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The switch to using Achievement Levels from T-scores to grade Primary 6 students is meant to, according to the Ministry of Education, reduce the stress of students.
Such a view completely misses the point that as long as we rank classes and schools, parents and their children will fight for positions in the best streams in the top schools, no matter the kind of grading system employed.
Top students are fast-tracked through the Gifted-Education Programme schools. The remainder fight for places in the ‘brand’ schools and those who cannot make it to these schools are shunted to neighbourhood schools.
No one believes the government rhetoric that all schools are the same. Even school officials know the reality as Jurong West Secondary School’s Vice-Principal Pushparani Nadarajah pointed out: “How many of our leaders and top officers who say that every school is a good school put their children in ordinary schools near their homes? Until they do so, parents are not going to buy it.”
The students are also made to compete for the Express, Normal (Technical) and Normal (Academic) streams. The streams will determine the subjects that the students take which will ‘guide’ them to whether they go on to Junior Colleges, Polytechnics or ITEs after their O-level exams. JC students stand a better chance at qualifying for the university.
In other words, parents see that the prospect of a university education depends very much on how their children perform in their PSLE. How does changing T-scores to Achievement Levels help in any meaningful way?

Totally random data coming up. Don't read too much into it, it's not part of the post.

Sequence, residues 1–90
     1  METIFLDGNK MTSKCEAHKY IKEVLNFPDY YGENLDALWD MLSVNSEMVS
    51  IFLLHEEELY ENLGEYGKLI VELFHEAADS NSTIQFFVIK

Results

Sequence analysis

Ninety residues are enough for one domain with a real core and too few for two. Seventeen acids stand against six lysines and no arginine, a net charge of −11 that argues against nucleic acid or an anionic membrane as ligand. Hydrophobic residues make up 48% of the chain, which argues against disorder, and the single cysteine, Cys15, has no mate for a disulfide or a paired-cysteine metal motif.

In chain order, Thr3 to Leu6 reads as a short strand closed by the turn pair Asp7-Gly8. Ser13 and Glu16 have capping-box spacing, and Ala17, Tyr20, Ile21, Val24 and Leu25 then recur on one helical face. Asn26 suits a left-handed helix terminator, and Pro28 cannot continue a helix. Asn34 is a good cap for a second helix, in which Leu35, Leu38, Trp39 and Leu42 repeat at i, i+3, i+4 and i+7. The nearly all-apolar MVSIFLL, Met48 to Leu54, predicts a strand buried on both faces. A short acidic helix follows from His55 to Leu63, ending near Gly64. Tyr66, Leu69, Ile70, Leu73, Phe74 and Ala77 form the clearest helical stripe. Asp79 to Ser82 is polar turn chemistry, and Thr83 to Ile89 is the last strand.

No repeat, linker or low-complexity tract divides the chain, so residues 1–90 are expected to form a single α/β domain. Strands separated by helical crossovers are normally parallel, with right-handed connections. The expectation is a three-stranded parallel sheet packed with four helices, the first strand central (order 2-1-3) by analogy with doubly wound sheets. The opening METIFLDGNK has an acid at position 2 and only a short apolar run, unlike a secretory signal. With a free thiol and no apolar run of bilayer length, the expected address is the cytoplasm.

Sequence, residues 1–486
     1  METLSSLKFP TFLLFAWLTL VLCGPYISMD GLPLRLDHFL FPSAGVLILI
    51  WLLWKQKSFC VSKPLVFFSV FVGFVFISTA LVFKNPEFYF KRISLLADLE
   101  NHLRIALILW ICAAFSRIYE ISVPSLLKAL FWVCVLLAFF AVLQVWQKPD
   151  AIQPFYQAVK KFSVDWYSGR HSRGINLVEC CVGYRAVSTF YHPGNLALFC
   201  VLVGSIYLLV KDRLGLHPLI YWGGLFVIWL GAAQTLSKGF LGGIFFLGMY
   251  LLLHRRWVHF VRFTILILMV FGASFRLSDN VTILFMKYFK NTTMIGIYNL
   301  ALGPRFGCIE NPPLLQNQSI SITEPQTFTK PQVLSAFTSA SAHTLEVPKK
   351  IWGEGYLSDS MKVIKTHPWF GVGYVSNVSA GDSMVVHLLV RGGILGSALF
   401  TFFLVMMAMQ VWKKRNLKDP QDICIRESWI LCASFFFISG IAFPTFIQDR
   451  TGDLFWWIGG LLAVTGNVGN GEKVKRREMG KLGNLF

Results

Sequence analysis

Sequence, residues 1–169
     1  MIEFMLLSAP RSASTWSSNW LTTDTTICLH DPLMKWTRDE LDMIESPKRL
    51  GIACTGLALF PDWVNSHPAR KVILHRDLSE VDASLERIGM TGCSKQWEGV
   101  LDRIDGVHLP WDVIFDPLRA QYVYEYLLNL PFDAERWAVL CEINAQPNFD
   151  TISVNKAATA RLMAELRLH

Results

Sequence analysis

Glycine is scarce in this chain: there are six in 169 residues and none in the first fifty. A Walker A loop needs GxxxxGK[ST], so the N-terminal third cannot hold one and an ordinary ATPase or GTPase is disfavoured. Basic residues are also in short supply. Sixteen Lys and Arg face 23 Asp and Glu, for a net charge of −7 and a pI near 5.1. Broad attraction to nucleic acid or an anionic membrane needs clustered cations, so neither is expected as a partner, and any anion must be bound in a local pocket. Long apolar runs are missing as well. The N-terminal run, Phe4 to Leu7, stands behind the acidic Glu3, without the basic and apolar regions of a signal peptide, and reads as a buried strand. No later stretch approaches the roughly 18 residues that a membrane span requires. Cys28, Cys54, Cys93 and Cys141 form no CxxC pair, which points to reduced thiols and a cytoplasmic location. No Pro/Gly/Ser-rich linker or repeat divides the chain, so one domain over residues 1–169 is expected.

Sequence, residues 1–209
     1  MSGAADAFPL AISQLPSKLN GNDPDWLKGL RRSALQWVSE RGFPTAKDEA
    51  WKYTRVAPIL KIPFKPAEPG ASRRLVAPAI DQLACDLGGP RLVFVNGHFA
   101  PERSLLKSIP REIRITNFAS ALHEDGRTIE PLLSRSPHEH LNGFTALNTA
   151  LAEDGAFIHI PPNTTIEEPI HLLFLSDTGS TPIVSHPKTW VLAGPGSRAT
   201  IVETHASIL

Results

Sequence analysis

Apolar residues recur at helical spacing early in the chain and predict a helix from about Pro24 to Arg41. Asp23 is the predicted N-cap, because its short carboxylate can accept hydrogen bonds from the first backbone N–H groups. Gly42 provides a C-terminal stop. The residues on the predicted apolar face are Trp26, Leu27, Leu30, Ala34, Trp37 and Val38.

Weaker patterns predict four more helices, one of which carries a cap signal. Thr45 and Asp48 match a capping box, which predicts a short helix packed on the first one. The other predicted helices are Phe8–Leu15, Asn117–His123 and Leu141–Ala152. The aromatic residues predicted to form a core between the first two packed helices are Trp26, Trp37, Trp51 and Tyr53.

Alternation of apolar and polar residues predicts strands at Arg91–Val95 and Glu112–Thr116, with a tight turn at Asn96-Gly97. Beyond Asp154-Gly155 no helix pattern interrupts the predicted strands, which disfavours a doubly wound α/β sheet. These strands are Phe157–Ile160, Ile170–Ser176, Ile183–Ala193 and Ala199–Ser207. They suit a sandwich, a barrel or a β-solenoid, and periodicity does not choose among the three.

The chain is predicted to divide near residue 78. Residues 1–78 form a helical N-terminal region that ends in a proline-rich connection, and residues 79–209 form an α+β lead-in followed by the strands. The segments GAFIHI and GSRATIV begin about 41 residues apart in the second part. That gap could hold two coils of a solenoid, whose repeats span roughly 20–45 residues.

To overcome this problem of an overly stressful, exam-oriented education system and to produce a future generation of Singaporeans who can think critically and be adept in expressing their thoughts, the SDP has proposed a comprehensive and detailed plan titled Educating for Creativity and Equality: An Agenda for Transformation (click here to read the full paper):
The key proposals in our programme are:
1. Remove PSLE and delay streaming
The stress of exams inflicts psychological trauma on children. It is not an intelligent approach to assess the abilities of primary-school students on a single examination.
2. Cultivate creative minds
Build confidence in children by helping them develop independent thinking, willingness to make mistakes, and perseverance in the face of failed attempts.
3. Broaden curricula, reduce syllabi
Subjects such as music appreciation, speech and drama, literature, etc. as well as periods for students to collaborate and interact to develop their creativity will be introduced to all schools.
4. Reduce class size
The SDP will reduce class size in our schools to 20 pupils per class from the current 40 to provide students with the necessary individual attention to help them develop academically.
5. Scrap school and class rankings
Comparing examination results and ranking students and classes detracts from the real purpose of education, which is self-improvement and self-actualisation.
6. Encourage reading
Reducing the current syllabus will free up students and allow them time to read for pleasure. A love of reading encourages life-long learning and cultivates a creative mind.